So, you decided to start taking photography a little bit more seriously, and you wanted to start taking photos manually. Great! Whether it’s an old point and shoot that you wanted to mess around with, or an expensive camera, the basic functions of a camera are the same. The things that one controls in manual mode are ISO, shutter speed, and aperture. Today, we’ll be taking a look at ISO.
What is ISO?
ISO stands for International Organization for Standardization, and in the most simplest terms is how sensitive your sensor is to light. Whether you pronounce it eye-ess-oh or eye-so, the most important thing is knowing what its function in digital photography is. Not only will understanding ISO help you ease into manual photography, it will ultimately help you with the quality of your photographs.
Why Should One Be In Control Of The ISO?
There are three main reasons one should be in control of the ISO:
Obviously, if you’re not relying on the camera helping you throughout every function by using auto, you’re going to need to know how to control every aspect of the camera. If you don’t know what ISO does, and you keep the camera on manual mode with a fast shutter speed and low ISO and want to take a picture before the sun goes down, it’s going to end up dark.
This will be further explained in the picture representations later in this article, but generally speaking, the higher the ISO, the higher of a probability of the picture being noisier. Sometimes, it’s unavoidable. In the end, what matters is how much noise you find acceptable in your photos.
Because It’s Part Of The Equation That Makes It Feel Like YOUR Photo
I have extremely high standards for photographs that I take of people, animals, landscapes, etc. If it’s a planned shot, and not just a quick shot to document something, I will always use manual mode or aperture priority mode. If you set your camera to auto, all you’re doing is just pressing the button. If you set it to manual, you’re in control of every aspect of the camera. If you set it to aperture priority, you’re in control of the ISO and aperture, while the camera takes care of setting the shutter speed (which is perfect for scenery that changes). You want it to feel like your creation – not something that just anyone could do.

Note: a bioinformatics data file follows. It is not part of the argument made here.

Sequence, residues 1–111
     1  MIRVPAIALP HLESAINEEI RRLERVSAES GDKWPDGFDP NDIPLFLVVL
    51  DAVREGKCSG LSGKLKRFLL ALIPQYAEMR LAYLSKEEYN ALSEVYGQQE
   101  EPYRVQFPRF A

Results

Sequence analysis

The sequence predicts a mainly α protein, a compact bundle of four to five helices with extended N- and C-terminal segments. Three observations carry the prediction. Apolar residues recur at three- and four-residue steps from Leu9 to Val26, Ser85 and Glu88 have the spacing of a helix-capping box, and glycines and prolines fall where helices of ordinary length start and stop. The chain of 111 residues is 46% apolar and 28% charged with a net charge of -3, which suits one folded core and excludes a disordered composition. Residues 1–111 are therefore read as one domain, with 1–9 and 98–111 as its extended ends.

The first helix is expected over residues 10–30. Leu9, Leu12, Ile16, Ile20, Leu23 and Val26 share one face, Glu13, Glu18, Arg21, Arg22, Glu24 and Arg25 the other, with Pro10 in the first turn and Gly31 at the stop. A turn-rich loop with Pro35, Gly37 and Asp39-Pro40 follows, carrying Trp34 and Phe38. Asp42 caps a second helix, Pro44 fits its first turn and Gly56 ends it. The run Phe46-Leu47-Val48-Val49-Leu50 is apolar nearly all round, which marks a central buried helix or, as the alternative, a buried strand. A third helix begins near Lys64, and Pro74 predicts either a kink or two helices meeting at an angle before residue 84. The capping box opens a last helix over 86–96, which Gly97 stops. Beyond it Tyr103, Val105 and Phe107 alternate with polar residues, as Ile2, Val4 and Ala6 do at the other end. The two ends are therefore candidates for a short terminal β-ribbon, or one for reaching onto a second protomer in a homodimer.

Explaining ISO Tangibly
Let’s use aperture priority as an example for simplicity. If I’m using an f/1.8 lens, this will give it a shallow depth of frame, and I’m setting it the aperture at f/1.8, it’ll be what photographers call “wide open”. In this instance, the shutter speed will be faster because it’s letting more light in. When you want a deeper depth of field, you have to compromise the amount of light coming in. If you’re taking pictures of moving objects, this can be difficult because they’ll end up blurry.
But fear not – camera technology is awesome! You can bump up the ISO in lower light settings and not have to compromise shutter speed. But how much ISO is too much?
Let’s take a look at these quick pictures I took of a flower as an example. I shot in aperture priority mode at f/1.8 with varying ISOs to showcase noise at around 5:30PM (Arizona time), so the sun was starting to go down.
Most camera will have a base ISO of ISO 100 or ISO 200. The closer to this ISO, the less noise you’re going to encounter.
Still looking good at ISO 640. Though, 640 is a little bit overkill with how much light there still was outside.
Here, you can see things starting to get a little bit noisier, especially in the background. You’d generally use this type of ISO in low light situations.
Huge difference between this one and the last one, right? Not something you’d want to showcase professionally, but it’s usable in personal situations.
Granted, your mileage may vary for your camera. Your camera could start getting noisy at ISO 640 if you have something like a point and shoot, or you could have better noise performance with a full frame camera.
There is no be-all-end-all advice when it comes to digital cameras and ISO performance. The general rule of thumb is “the lower the ISO, the better”, but in all honesty, part of learning photography is practicing in certain situations, and getting a feel for how much is too much.